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Time to mulch the daylilies.

Mulch is good no matter what climate you live in but it is especially important here along the gulf coast because of our hot summers. It helps hold in moisture and also insulates the ground from the hot Texas sun.

I have tried several types of mulch with mixed results.

  • Fresh coarse wood chip mulch - this was a huge mistake. It was basically coarsly chopped tree branches. It was ugly and used up much of the nitrogen from the soil as it tried to break down.
  • Horse stable sweepings - originally this was great! I would haul it myself from a small stable. It was well composted and fertilized the soil as well as mulched it. Unfortunately, that stable closed.
  • Horse manure (actually stable sweepings) from a local soil yard - This was all I could find for a long time. I contained a high percentage of wood chips and was not composted very much. Sometimes it was so fresh you could smell it from quite a distance away if you were downwind. It contained a large amount of weed seeds and I'm still battling some of these weeds today.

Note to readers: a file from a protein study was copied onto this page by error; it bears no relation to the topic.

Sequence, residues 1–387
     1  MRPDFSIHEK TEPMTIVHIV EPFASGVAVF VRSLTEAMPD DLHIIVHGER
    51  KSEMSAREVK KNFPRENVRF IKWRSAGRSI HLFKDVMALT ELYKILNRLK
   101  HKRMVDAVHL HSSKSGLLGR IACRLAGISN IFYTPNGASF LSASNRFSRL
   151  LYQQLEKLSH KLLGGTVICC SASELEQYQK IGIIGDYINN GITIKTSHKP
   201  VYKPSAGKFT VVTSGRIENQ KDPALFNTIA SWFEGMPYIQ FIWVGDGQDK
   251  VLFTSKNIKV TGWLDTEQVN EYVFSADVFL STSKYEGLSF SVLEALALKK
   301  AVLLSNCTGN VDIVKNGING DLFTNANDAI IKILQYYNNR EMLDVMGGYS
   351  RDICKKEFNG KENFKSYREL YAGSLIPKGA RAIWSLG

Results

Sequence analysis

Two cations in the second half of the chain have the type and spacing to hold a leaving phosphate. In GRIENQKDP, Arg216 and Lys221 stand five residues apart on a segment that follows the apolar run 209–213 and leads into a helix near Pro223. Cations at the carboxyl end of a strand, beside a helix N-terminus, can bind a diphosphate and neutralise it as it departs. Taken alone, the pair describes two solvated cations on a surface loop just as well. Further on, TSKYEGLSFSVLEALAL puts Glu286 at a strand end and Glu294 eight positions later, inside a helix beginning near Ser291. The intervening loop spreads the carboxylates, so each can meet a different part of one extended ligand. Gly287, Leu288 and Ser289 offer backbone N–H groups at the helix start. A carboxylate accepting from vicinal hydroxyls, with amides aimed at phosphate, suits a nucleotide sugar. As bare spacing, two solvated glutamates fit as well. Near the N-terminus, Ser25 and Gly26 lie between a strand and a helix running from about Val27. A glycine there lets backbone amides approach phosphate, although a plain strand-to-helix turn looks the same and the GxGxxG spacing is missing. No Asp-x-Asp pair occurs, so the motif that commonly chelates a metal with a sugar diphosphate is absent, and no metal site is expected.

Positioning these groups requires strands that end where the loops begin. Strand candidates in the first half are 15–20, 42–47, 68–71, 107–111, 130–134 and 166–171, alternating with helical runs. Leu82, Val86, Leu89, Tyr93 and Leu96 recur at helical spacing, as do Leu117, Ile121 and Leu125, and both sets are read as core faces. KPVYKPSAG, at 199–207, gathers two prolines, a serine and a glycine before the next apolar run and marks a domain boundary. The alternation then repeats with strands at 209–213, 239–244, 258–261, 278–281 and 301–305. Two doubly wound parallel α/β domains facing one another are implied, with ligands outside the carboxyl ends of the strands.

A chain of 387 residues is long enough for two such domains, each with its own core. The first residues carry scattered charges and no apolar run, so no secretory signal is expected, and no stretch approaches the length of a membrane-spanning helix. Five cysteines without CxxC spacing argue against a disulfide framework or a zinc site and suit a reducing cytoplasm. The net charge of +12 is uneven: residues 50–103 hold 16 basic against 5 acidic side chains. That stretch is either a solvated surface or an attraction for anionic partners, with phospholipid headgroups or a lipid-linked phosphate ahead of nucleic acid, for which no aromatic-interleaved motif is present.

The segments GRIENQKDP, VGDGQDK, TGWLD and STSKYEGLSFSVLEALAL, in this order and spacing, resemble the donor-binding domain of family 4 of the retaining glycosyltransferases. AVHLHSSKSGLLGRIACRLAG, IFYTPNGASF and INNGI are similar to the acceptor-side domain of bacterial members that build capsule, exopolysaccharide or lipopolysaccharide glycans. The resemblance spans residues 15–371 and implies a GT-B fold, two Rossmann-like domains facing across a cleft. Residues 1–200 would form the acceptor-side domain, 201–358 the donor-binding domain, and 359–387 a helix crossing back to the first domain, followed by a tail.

• Aged, composted hardwood mulch - what I'm using now. This has worked very well as it contains no weed seeds and seems to last fairly well. Because it's made from hardwood (screened so no large chunks) it breaks down fairly slowly and feeds the soil.

I purchase the composted hardwood mulch by the yard and spread it about 3" thick around all the plants. The one downside to any mulch is that as it breaks down over time, it raises the soil level around the plants. Eventually, the daylily crowns will be too deep in the soil. When this happens, the daylily may start forming a new crown higher up. During this process which takes about a year, the daylily may not bloom at all. Digging and dividing every few years usually keeps this from happening.

Fertilizing the seedling beds (the ones that will bloom for the first time this season).

The seedling beds containing my new seedlings only get fertilized once during the two year growing cycle. This fertilization is done about a year after planting in March as the ground begins warming. I use a water soluble fertilizer with a low middle number applied with a hose-on sprayer. Even though many of the plants usually don't look like they need it, I believe they may need a little 'snack' to help get them ready to bloom because the plants are packed so tightly in the bed.